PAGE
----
Melville Fuller


Melville Weston Fuller (February 11, 1833 – July 4, 1910) was an American politician, lawyer, and jurist who served as the eighth chief justice of the United States from 1888 until his death in 1910. His tenure on the Supreme Court was marked by staunch conservatism, exhibited by his support for corporations and his opposition to broad federal power. He authored major opinions on the federal income tax, the Commerce Clause, and citizenship law, and he took part in significant decisions regarding racial segregation and the liberty of contract. Those rulings often faced criticism in the decades during and after Fuller's tenure, and many were later overruled or abrogated. The legal academy has generally viewed Fuller negatively, although a revisionist minority has taken a more favorable view of his jurisprudence.

Melville Fuller
8th Chief Justice of the United States
In office
October 8, 1888  July 4, 1910
Nominated byGrover Cleveland
Preceded byMorrison Waite
Succeeded byEdward Douglass White
Personal details
Born
Melville Weston Fuller

(1833-02-11)February 11, 1833
Augusta, Maine, U.S.
DiedJuly 4, 1910(1910-07-04) (aged 77)
Sorrento, Maine, U.S.
Political partyDemocratic
Spouse(s)
Calista Reynolds
(m. 1858; died 1864)

Mary Coolbaugh
(m. 1866; died 1904)
Children10
EducationBowdoin College (BA, MA)
Signature

Born in Augusta, Maine, Fuller established a legal practice in Chicago after graduating from Bowdoin College. A Democrat, he became involved in politics, campaigning for Stephen A. Douglas in the 1860 presidential election. During the Civil War, he served a single term in the Illinois House of Representatives, where he opposed the policies of President Abraham Lincoln. Fuller became a prominent attorney in Chicago and was a delegate to several Democratic national conventions. He declined three separate appointments offered by President Grover Cleveland before accepting the nomination to succeed Morrison Waite as Chief Justice. Despite some objections to his political past, Fuller won Senate confirmation in 1888. He served as Chief Justice until his death in 1910, gaining a reputation for collegiality and able administration.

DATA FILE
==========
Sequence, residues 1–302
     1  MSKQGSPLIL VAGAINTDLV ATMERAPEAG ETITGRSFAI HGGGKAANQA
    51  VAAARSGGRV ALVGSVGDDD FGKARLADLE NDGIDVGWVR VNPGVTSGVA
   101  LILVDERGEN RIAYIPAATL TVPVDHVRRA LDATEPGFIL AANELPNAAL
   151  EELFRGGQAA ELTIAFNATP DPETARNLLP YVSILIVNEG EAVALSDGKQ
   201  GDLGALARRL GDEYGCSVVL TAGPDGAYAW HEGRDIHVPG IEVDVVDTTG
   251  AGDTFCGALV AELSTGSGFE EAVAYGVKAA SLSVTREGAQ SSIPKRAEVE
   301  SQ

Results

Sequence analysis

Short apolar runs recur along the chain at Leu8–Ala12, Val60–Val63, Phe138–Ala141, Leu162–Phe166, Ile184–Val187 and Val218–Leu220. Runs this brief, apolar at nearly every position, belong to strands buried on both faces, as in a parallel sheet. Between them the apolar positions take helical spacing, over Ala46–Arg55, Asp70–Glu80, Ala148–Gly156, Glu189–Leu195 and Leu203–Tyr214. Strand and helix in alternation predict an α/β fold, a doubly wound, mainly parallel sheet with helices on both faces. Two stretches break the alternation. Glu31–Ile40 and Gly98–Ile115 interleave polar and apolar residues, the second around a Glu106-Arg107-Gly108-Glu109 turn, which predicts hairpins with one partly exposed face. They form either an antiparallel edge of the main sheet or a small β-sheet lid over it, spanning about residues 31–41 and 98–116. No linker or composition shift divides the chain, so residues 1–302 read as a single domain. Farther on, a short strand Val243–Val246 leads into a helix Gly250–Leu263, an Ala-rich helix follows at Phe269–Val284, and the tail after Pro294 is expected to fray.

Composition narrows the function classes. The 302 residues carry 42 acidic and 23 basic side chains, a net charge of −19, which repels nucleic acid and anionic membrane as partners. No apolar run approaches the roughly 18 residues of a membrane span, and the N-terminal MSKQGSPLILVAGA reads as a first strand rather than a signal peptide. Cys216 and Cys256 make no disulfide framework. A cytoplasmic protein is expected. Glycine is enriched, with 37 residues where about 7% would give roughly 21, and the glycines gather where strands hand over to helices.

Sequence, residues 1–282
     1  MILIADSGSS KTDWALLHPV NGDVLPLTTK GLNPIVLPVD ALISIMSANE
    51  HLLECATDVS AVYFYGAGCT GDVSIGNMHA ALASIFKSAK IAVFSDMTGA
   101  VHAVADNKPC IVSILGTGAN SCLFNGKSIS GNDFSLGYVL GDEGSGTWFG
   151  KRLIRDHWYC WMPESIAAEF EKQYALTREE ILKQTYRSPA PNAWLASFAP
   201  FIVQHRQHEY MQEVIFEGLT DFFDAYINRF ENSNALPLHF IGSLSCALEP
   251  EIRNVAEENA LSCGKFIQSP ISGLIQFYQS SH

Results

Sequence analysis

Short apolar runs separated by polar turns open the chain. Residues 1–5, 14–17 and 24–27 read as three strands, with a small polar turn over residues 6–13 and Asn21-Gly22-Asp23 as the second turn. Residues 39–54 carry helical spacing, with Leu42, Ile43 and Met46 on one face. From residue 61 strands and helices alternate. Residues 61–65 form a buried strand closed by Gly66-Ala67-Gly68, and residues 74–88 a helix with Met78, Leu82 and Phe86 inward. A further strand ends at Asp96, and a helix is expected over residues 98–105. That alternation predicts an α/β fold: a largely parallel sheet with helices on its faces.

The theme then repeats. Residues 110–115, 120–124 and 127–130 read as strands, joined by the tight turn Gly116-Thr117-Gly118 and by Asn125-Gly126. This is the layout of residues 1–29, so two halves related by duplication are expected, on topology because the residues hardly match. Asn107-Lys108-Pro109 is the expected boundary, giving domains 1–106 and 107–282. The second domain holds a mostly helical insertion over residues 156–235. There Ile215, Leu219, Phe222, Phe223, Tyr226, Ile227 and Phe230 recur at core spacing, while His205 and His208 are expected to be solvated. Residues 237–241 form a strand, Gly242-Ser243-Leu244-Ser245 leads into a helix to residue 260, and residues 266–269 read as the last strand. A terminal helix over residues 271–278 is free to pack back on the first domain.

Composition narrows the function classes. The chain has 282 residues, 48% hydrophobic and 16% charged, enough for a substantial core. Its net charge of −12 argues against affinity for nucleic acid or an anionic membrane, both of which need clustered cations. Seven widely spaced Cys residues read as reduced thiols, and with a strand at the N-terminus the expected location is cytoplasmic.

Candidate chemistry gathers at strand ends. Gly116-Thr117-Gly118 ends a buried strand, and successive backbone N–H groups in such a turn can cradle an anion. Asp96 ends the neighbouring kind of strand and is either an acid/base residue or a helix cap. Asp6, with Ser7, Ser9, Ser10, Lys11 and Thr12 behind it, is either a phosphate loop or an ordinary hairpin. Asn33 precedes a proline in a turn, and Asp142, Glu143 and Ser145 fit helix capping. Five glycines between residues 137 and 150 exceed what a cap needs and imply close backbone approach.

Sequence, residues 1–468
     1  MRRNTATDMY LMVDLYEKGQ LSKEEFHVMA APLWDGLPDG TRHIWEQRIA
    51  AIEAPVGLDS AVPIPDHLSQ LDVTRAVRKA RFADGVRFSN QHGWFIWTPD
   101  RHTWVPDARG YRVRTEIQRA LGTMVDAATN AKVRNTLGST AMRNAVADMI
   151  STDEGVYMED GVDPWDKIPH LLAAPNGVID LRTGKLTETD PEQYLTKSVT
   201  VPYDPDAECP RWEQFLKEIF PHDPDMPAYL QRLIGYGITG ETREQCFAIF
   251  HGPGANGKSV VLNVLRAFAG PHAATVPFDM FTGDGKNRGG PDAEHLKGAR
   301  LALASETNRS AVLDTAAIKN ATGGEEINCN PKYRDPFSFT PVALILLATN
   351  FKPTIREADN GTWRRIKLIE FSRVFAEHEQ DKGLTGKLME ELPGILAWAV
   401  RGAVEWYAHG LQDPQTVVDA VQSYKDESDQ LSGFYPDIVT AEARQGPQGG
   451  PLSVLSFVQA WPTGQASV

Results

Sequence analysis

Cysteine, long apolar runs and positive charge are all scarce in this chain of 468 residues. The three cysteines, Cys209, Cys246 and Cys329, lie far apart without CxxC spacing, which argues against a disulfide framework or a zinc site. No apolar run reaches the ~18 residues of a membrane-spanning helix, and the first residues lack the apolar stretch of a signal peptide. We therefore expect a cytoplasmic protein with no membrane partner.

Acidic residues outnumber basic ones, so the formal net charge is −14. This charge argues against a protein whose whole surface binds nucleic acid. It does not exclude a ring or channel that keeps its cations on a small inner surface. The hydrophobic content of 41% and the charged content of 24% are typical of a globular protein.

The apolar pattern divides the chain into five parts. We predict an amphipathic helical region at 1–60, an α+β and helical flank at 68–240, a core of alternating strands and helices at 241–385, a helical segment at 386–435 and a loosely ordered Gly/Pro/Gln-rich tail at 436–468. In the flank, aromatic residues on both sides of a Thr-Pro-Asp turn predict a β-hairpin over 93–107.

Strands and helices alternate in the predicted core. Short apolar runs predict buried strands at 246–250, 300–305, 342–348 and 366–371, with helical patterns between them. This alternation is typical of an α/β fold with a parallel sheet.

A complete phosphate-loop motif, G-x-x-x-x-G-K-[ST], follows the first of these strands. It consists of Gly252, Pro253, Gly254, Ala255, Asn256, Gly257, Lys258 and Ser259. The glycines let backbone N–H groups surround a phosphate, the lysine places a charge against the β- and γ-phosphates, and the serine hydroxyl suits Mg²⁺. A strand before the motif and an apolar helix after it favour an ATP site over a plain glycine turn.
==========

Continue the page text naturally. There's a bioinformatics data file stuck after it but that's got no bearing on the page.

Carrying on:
Fuller's jurisprudence was conservative, with a strong focus on states' rights, limited federal power, and economic liberty. His majority opinion in Pollock v. Farmers' Loan & Trust Co. ruled a federal income tax to be unconstitutional; the decision was later superseded by the Sixteenth Amendment. Fuller's opinion in United States v. E. C. Knight Co. narrowly interpreted Congress's authority under the Commerce Clause, limiting the reach of the Sherman Act and making government prosecution of antitrust cases more difficult. In Lochner v. New York, Fuller agreed with the majority that the Constitution forbade states from enforcing wage-and-hour restrictions on businesses, contending that the Due Process Clause prevents government infringement on one's liberty to control one's property and business affairs. Fuller joined the majority in the now-reviled case of Plessy v. Ferguson, in which the Court articulated the doctrine of separate but equal and upheld Jim Crow laws. He argued in the Insular Cases that residents of the territories are entitled to constitutional rights, but he dissented when, in United States v. Wong Kim Ark, the majority ruled in favor of birthright citizenship.